When you’re a recent CrossFit Games champion, you aren’t expected to compete at regionals. You’re expected to dominate.
Last year at the Games, Sam Briggs showed she was far and way the class of the field and won her first CrossFit Games title by 99 points. She’ll be expected to return to the Games in 2014, but this year’s Europe Regional won’t be the cakewalk it was in 2013, where she won four events, collected only 13 points and cruised to Carson well ahead of second-place Caroline Fryklund.
In 2014, Briggs will go up against Annie Thorisdottir in Denmark in one of two regionals featuring past champs locking crowns. If the Rich Froning-Graham Holmberg matchup in the mighty Central East is exciting, Briggs-Thorisdottir is electrifying at 220 V: the two women are the only ones to stand atop the CrossFit Games podium since 2011.
On the men’s side of the Krone, the Games spots are very much up for grabs. Last year, Europe sent four men to the Games after past champ Mikko Salo took second to Lacee Kovacs, but both are out this year, the former due to sickness during the Open and the latter due to a shoulder injury. Fourth-place Mikko Aronpää is living in Asia now, leaving only Danish prince Frederik Aegidius standing beside 2012 Games athlete Numi Katrinarson.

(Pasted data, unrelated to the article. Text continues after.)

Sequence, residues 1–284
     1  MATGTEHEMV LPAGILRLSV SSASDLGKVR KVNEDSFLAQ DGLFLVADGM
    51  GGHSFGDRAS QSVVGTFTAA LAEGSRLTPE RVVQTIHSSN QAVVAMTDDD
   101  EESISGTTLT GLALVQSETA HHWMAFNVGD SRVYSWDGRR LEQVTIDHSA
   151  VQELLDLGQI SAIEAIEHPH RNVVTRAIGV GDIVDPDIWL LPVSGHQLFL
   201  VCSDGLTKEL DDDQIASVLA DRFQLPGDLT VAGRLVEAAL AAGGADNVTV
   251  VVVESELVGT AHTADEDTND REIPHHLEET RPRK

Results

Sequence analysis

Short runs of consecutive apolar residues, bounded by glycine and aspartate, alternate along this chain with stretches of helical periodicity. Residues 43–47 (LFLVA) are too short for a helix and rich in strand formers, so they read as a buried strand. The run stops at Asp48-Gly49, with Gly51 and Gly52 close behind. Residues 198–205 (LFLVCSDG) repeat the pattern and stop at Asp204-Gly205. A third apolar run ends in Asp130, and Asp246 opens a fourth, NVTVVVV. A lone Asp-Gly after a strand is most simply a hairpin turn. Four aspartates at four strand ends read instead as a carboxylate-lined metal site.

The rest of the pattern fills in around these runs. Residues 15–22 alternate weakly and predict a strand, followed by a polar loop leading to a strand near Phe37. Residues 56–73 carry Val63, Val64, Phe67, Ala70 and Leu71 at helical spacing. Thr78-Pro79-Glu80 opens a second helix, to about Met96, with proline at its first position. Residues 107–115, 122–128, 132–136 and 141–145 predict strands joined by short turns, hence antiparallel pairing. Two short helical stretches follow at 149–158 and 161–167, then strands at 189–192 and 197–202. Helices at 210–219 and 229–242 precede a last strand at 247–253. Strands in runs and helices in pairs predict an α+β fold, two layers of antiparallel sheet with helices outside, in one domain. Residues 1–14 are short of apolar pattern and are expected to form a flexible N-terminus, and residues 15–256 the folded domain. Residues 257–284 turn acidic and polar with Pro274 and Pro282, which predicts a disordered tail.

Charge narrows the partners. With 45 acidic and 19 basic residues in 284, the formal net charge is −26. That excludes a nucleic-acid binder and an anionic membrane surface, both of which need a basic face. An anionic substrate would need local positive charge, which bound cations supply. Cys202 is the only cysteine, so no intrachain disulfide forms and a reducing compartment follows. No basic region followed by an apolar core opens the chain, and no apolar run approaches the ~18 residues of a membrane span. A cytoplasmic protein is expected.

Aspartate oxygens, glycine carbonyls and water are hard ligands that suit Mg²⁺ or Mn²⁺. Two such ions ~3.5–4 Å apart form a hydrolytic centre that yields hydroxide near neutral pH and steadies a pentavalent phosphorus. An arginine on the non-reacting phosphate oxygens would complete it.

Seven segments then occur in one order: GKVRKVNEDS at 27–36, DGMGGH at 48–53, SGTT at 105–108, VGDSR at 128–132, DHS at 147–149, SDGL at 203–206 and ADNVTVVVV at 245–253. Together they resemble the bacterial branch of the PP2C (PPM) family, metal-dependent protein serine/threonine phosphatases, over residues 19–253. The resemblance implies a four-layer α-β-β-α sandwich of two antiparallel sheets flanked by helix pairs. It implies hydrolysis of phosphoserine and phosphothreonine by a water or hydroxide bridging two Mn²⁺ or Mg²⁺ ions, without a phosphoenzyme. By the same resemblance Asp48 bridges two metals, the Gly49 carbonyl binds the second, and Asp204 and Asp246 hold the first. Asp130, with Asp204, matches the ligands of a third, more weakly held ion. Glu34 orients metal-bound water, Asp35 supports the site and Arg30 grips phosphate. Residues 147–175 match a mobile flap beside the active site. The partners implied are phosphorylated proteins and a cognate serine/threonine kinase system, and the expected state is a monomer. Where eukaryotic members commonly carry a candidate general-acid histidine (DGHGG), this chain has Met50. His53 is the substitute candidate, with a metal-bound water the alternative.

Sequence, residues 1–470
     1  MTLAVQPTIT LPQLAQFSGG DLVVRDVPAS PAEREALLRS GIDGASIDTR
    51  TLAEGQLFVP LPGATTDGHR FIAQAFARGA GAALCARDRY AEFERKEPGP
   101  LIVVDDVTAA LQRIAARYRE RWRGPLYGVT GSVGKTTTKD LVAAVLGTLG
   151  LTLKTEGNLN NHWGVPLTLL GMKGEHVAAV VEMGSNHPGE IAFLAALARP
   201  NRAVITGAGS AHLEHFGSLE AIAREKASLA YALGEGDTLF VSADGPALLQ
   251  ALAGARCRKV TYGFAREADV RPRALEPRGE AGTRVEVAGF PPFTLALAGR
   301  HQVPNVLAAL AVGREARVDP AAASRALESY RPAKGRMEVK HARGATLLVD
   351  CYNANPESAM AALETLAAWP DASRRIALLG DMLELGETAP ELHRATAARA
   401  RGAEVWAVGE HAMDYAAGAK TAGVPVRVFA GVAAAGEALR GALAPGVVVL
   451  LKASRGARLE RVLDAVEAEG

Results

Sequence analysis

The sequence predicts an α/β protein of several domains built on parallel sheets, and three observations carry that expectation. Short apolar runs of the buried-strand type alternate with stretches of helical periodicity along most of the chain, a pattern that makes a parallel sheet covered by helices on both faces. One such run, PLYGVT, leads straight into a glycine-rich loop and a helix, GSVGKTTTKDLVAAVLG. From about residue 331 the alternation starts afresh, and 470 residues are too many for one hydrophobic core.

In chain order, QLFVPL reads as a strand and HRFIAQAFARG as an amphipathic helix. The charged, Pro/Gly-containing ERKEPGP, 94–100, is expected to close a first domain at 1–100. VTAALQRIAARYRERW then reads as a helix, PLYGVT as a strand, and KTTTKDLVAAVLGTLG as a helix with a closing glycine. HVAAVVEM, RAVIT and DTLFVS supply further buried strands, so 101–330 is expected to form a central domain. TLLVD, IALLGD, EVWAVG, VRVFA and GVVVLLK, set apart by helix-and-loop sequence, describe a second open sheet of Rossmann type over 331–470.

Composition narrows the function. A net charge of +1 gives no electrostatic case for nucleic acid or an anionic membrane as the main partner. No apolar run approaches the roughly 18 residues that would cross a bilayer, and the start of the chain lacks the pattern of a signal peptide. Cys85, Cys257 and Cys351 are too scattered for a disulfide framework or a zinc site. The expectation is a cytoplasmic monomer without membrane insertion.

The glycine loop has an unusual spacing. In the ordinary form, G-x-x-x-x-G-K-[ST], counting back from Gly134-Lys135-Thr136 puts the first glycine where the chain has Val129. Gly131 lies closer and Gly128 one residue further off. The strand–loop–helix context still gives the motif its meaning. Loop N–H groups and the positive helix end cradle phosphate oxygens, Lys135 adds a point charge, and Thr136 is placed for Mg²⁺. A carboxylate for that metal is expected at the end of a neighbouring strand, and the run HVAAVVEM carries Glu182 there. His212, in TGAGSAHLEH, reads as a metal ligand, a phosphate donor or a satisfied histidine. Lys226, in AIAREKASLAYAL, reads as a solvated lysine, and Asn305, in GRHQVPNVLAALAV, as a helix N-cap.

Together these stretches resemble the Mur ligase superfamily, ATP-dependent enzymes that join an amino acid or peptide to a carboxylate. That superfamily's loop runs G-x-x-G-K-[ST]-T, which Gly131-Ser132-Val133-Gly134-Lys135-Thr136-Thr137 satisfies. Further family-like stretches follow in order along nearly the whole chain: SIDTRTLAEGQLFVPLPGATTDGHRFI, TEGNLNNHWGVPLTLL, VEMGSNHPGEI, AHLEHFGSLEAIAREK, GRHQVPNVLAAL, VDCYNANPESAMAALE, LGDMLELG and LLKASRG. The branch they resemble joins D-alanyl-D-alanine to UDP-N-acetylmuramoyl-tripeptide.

While many consider the women’s competition a formality, the men’s remains a mystery.
Events 1 & 2
The hang snatches and a handstand walk tested the individuals first, and it was a Heat 1 athlete who used the two events to climb to the top of the Leaderboard.
Filip Yang Fisker of Aarhus CrossFit in Denmark lifted 265 to tie David Carlsson for first in Event 1, but it was his Event 2 performance that had fans at the Ballerup Super Arena screaming.
When other athletes looked tentative or hesitant before the handstand walk, Fisker looked almost like a sprinter coiled into the blocks, and he kicked up as soon as the event started. With even steps and a very consistent pace, he employed a small leg kick to generate some momentum on each step.
Fisker’s first length took 29 seconds, and his second took only slightly longer, allowing him to rest his shoulders. Length 3 took 37 seconds. Fisker cruised to victory by 100 feet and set the worldwide event record in the process.
In a weird turn of events, the top men’s heat was almost anticlimactic after Fisker’s performance. In the snatch, it was between Lukas Högberg and Jakob Magnusson. Högberg opened higher and made larger jumps, but the two ended up with the same score when Högberg missed his attempt at 275 after he slid his knees under the bar too soon when he started the pull.
Magnusson, who had been solid at 240 and 250, weathered a small jump forward with 260 and stood up to complete the lift. To his right, Games athlete Aegidius was sluggish with 255 and missed behind.
“I knew that in the second lift I had (250 lb.), so I went for a safe lift, then a ‘risky safe’ lift,” Magnusson laughed. His final effort at 260 was a PR by 5 lb.
No one was going to touch Fisker’s handstand walk, though Europe sent more men to 120 feet or more than any region in Week 1. A total of 25 men got at least one length, and five got two.